Terror in the city of love


On Friday evening Paris endured a sustained and organised series of terrorist attacks which left 129 people dead and 200 injured, 99 critically. Terrorists targeted six locations across the centre of Paris in a 30-minute window, including bars, restaurants, a football stadium and a concert venue.

Gunmen burst into venues and opened fire on innocent spectators and people enjoying the start of the weekend. They used Kalashnikovs (more commonly known as AK-47s) which are powerful automatic assault rifles typically used by terrorist and insurgent groups because they are cheap and easy to use. Some wore suicide belts.

By far the most casualties were sustained in the Bataclan Concert hall where the American rock band, Eagles of Death Metal, played to a sold out gig of 1,000 people. Gunmen stormed the building and opened fire on music fans. Radio presenter Pierre Janaszak said: “At first we thought it was part of the show but we quickly understood [the horror that was unfolding].” As the men shot at random, many people pretended to be dead and had to lie amongst bodies and wait until the terrorists left.

Two Scottish women barricaded themselves in a cellar and managed to wait out the chaos but had to listen to the massacre in the next room. Twenty hostages were taken and one reportedly told his captives: “It’s the fault of your president; he should not have intervened in Syria.” A two-hour stand-off with police ensued and although security forces intervened, three attackers detonated suicide bombs before they could be killed, causing further carnage.

As people were out to eat and drink at a bar called La Carillon and restaurants named La Belle Equipe, Comptoir Voltaire Café and Le Petite Cambodge, they were hit by drive-by shootings and suicide bombers which left a further 36 people dead. Some people thought the sounds were fireworks because they went on for so long.

At France’s national stadium, the 80,000 capacity Stade de France, Germany were playing France at an international football friendly with a TV audience of millions, and the French president, Francois Hollande, was in attendance. Bomb explosions were heard outside the stadium and one attacker tried to enter but his suicide belt was detected. As he ran away he detonated it. After the first explosion the president was whisked away and held an emergency meeting which prompted him to announce a state of emergency. Hollande called the simultaneous attacks a “horror”.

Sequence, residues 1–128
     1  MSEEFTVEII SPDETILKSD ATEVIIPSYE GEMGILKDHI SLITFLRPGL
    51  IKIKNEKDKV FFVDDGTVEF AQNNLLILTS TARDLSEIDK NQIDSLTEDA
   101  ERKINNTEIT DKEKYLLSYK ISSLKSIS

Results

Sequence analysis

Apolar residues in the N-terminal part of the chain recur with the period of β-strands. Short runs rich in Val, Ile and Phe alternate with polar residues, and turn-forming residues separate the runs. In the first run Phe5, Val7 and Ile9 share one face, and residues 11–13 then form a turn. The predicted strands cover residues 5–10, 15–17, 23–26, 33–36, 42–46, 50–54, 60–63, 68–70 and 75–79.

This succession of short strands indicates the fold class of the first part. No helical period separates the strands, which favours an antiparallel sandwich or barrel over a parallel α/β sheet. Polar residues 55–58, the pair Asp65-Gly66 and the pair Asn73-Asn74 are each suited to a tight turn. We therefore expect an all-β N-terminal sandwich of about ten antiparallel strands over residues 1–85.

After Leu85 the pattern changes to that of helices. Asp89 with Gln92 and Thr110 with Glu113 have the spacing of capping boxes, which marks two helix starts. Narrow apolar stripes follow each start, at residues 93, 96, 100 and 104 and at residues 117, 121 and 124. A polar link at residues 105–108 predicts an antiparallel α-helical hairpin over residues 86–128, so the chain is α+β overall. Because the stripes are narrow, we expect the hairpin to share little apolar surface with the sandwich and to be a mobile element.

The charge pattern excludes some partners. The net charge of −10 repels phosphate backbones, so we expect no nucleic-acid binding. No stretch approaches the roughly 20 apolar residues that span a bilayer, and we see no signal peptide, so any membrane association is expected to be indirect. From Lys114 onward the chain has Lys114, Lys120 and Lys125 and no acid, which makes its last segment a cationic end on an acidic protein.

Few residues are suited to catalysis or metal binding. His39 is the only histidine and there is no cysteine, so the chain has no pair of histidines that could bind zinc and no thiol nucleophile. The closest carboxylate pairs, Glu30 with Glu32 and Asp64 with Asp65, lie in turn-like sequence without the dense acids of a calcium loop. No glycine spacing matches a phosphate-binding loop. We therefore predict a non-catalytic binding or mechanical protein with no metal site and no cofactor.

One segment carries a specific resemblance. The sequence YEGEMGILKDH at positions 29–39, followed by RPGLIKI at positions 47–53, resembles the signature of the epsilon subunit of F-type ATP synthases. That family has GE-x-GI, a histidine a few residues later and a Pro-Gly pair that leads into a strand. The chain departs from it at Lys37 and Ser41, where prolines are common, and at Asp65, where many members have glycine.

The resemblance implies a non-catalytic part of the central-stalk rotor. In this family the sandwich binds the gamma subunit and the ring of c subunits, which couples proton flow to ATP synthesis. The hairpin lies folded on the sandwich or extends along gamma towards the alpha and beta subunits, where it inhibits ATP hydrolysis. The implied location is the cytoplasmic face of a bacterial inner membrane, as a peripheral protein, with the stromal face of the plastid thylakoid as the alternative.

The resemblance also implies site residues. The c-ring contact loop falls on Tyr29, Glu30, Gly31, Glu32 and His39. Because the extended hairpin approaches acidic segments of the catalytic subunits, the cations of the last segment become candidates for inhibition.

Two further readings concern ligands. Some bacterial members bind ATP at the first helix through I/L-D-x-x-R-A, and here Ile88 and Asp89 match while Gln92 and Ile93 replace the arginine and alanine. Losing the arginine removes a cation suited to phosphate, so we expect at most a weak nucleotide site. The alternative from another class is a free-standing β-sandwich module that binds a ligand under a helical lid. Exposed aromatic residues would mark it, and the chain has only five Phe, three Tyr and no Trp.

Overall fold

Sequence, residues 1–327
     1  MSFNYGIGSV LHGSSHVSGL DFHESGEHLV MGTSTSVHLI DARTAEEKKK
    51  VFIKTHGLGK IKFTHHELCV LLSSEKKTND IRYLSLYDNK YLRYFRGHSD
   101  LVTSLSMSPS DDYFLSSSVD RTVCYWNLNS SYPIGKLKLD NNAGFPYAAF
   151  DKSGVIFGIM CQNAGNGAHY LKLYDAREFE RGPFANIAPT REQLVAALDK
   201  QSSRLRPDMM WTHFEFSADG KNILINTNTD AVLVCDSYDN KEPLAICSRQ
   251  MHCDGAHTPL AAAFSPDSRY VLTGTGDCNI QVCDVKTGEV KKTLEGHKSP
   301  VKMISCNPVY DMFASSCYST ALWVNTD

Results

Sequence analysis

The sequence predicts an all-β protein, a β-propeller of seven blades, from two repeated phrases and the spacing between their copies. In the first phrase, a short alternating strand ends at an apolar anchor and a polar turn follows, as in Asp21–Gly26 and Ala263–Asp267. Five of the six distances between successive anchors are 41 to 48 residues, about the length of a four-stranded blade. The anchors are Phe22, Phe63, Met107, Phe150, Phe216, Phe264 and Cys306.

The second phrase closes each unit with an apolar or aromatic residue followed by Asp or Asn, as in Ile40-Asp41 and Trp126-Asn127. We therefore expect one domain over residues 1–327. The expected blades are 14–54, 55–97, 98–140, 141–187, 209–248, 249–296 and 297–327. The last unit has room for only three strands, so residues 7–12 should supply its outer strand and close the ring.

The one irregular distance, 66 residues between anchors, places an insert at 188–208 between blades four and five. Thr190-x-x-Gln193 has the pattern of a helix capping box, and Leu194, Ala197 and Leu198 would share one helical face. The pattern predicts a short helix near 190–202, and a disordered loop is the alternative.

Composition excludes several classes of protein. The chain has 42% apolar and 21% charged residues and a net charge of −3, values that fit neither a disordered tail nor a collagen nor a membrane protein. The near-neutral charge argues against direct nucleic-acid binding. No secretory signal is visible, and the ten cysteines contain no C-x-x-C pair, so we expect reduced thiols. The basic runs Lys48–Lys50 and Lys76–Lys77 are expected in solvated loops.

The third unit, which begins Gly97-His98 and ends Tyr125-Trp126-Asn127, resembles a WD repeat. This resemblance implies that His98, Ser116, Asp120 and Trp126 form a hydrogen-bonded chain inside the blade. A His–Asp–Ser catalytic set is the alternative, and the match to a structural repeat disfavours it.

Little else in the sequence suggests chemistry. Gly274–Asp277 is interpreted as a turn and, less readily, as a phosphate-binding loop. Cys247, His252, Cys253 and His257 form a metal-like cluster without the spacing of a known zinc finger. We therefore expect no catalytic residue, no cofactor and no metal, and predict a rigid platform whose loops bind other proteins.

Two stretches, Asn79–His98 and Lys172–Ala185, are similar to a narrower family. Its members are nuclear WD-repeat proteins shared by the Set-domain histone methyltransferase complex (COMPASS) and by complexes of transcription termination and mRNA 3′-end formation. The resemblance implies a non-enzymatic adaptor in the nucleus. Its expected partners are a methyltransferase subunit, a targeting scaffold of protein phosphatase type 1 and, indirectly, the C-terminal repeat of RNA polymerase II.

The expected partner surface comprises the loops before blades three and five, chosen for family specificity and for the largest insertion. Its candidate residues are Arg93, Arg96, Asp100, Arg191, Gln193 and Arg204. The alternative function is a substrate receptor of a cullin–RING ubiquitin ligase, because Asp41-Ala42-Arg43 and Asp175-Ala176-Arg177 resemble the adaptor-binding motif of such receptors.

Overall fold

What is a state of emergency?


this image by Jean Jullien was shared along with the hashtag #prayforparis

A state of emergency is declared when a situation of national danger or disaster arises and it is necessary for the government to impose curfews and restrict movement of people and traffic in order to regain control. In this case, France’s border control was tightened and authorities asked Parisians to stay indoors. Around 1,500 military personnel were deployed and locations where there may be large gatherings of people were shut down on Saturday. These included schools, museums, libraries, gyms, swimming pools, markets and even Disneyland.

Obama called the attacks an “outrageous attempt to terrorise innocent civilians” and David Cameron was “shocked” and pledged to “do whatever we can to help.” The Vatican called it an “attack on peace for all humanity”.

Who are the attackers and why did they do it?

The so-called Islamic State group released a statement claiming responsibility for the attacks on Saturday morning. The group, also known as Isis, say the attacks are a retaliation for bombing in Syria. France currently plays a front-line role in combatting Islamic State militants – it was the first EU country to join US air strikes in Syria.

This is the second time this year that Paris has been the victim of terrorist attacks after gunmen opened fire at the satirical magazine Charlie Hebdo during 3 days of attacks which also saw hostages be taken in a Jewish supermarket.

What is terrorism?

Terrorism is the unofficial and unauthorized use of violence and intimidation in the pursuit of political aims. A terrorist is somebody who imposes this violence.

Damian Grammaticas, the BBC’s Europe correspondent, asks if France has been hit twice this year, “does that make it uniquely vulnerable or does the carnage of Paris mean that all of Europe faces new threats to all public places and events?”

In an address to the nation on Saturday president Hollande said: “What happened yesterday in Paris was an act of war and this country needs to make the right decisions to fight this war.” He called it an “act of barbarism” and promised that France “would be ruthless in its response to Islamic State”.

People paid tribute to the casualties by putting a French flag filter over their Facebook profiles and a picture of a CND peace sign with the Eiffel towel in the centre was widely shared. People were able to check themselves as safe using a Facebook application. In Glasgow, flowers have been laid at the Buchanan Street steps with signs saying ‘pray for Paris’.

Most attackers detonated their suicide vests and two suspects have been caught but one remains unaccounted for.

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